Undoing changes to multiple files ... I keep getting it wrong

I came to learning front end a short while ago from being very familiar with apps like illustrator, photoshop, reaper and so on. With these I have just one file, I can save incrementally when something significant has changed, but I’m used to just being able to spam CTRL-Z if something isn’t working and starting over. Unfortunately, I keep trying to undo work in parallel HTML and CSS files, but I don’t know how far to go in each and it all gets messed up and I keep losing work because of it.

What is a good strategy for keeping track of changes in 2 separate files? Should I be saving incrementally much more often. I have actually considered just using style tags for CSS so I can keep it all in one file and undo as I want to and then move the CSS over when finished, is that a terrible idea?

One thing that doesn’t help my messy situation is I don’t really have a handle on naming conventions for selectors, I try to not write duplicate code for elements that will all be styled the same way, but invariably find I need to change something later and have to rename classes, which I often get confused and wish I had just named everything uniquely from the get go. I know it’s not very economical, but should I stick to unique selectors for different sections at least until I become better at organising everything?

Any tips or advice would be greatly appreciated as I’m getting a bit tired of unpicking work I’ve messed up through lack of organization.


Edit: What would be amazing (for me at least) would be a vscode extension that kept a single undo file for both the CSS and HTML (and JS) and would undo changes in order in all the files you have open. If you close one it would prompt you to make an incremental save.

(I can dream)

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While I don’t have a recommendation that handles the exact workflow you’re going for, I think you could benefit a lot from using Git. It would allow you to keep track of changes in multiple files at once and allow you to revert back to certain versions of files all at once too, and so much more. It has a really nice integration with VSCode as well. Ultimately, you’ll likely start using Git in the future anyway, along with GitHub.

The course on Codecademy doesn’t cover the use of it in VSCode, but it teaches the fundamentals and knowing how it works from the command line is beneficial anyway. Once you know how it works, then you can use whatever GUI for it (like vscode) without wondering how it does the “magic”.

If you’re on a career path, then there’s a good chance it will be part of your path already. If you’d like to take it on its own just to be able to start working with it immediately, you can do so here: Learn Git. If you do take it ahead of time, it will be marked as complete on your career path too so you won’t have to repeat it.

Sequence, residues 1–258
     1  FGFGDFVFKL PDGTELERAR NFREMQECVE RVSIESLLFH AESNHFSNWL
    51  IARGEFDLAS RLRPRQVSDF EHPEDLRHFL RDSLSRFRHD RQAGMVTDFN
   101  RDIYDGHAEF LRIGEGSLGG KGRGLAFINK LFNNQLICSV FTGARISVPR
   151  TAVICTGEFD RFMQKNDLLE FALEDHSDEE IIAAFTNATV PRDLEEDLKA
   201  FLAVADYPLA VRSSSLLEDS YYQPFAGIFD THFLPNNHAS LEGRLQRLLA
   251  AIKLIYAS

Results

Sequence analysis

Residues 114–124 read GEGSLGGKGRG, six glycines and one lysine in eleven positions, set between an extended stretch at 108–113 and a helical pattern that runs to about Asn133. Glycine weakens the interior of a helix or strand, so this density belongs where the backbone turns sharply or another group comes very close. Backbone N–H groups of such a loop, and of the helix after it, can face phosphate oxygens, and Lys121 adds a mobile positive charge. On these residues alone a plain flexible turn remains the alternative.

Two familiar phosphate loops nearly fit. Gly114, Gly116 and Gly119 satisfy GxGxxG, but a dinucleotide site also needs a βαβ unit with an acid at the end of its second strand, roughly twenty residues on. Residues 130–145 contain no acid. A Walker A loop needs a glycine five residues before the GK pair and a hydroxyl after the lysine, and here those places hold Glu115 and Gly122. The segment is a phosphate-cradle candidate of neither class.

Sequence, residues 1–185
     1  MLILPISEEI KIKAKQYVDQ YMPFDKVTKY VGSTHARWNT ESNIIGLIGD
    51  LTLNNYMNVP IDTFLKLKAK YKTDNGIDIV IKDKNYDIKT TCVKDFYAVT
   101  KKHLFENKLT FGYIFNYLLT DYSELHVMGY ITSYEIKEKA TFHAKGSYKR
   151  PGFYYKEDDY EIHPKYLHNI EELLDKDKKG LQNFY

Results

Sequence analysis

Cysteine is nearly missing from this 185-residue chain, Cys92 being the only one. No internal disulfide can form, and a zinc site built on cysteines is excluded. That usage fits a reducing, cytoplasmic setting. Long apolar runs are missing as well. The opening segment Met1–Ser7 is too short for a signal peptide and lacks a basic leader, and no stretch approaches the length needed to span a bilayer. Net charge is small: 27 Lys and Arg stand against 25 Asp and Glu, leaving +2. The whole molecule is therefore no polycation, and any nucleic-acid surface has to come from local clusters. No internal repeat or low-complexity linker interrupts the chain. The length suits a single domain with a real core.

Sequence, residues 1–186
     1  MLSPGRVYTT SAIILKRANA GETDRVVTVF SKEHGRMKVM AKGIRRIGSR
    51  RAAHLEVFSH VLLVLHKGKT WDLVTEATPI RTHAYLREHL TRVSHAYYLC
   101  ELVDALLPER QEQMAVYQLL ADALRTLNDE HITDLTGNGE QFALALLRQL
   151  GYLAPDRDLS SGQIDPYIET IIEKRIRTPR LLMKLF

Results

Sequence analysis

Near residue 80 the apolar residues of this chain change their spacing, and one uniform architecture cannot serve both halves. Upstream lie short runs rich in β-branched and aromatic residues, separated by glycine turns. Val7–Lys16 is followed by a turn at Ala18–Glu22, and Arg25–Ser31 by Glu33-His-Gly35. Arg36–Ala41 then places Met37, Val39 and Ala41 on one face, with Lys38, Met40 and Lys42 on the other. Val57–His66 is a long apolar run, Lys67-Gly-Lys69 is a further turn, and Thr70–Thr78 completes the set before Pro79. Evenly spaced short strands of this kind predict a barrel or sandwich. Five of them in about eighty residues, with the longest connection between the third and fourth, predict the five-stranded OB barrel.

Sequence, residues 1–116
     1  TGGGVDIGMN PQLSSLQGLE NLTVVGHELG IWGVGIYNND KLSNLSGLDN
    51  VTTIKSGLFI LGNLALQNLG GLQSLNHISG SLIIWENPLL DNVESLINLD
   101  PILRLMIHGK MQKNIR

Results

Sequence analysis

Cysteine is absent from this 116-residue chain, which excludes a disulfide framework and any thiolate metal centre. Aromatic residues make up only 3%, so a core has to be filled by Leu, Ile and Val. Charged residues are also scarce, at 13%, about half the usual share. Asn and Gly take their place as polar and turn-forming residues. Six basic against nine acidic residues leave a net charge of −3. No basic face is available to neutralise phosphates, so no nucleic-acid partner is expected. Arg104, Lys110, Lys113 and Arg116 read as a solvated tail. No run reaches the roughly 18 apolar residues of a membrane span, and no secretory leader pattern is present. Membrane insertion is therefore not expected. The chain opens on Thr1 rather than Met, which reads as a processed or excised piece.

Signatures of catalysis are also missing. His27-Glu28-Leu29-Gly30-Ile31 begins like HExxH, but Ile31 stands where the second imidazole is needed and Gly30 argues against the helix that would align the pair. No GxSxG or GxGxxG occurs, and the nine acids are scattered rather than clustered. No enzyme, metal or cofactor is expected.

Thanks, I’ll check that out.

Spent some time completing the command line and github courses, fiddled around with VScode and Git. I can see what you mean, Github is literally what I was asking for, albeit a slightly obtuse and hard for noobs version of it, but it does do exactly what I wanted. Definitely worth the time invested and I learned some command line into the bargain.

The only issue I had with VScode was when I try to push a local repo to GH it pushes the parent folder rather than the one I am working in.

eg. MyCodecademyFolder > MyProjectFolder (it pushes MyCodecademyFolder)

I have worked out that dropping MyProjectFolder onto VSCode opens just that folder to the workspace but I think there’s probably an easier way I am missing. Anyway, it works and I am well on the way to taking advantage of GitHub saving all my different versions and being able to undo my errant code ramblings more easily.

So, thank you very much for the advice, it was very helpful.

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You can use git without github if you’re just working locally. An online repo is useful if you’re changing workstation and is probably the best way to share a project with others in the long term though.

If you have a .git folder in "MyCodecademyFolder" then you’re tracking from that folder recursively, so all the subfolders and so on. It would be easier if you tracked each individual project folder separately. Both for your own sake and should you ever share any projects.

Double check where the .git file is and consider whether it should actually be in the project subfolder instead (then your push would behave as expected).


Yeah, VSCode keeps putting the git folder in the codecademy folder rather than the project folder when I create a repo from VSCode. Only way I have found to avoid this is dragging the project folder into VSCode and then that opens in the workspace and I no longer see the codecademy parent folder in the VSC file explorer.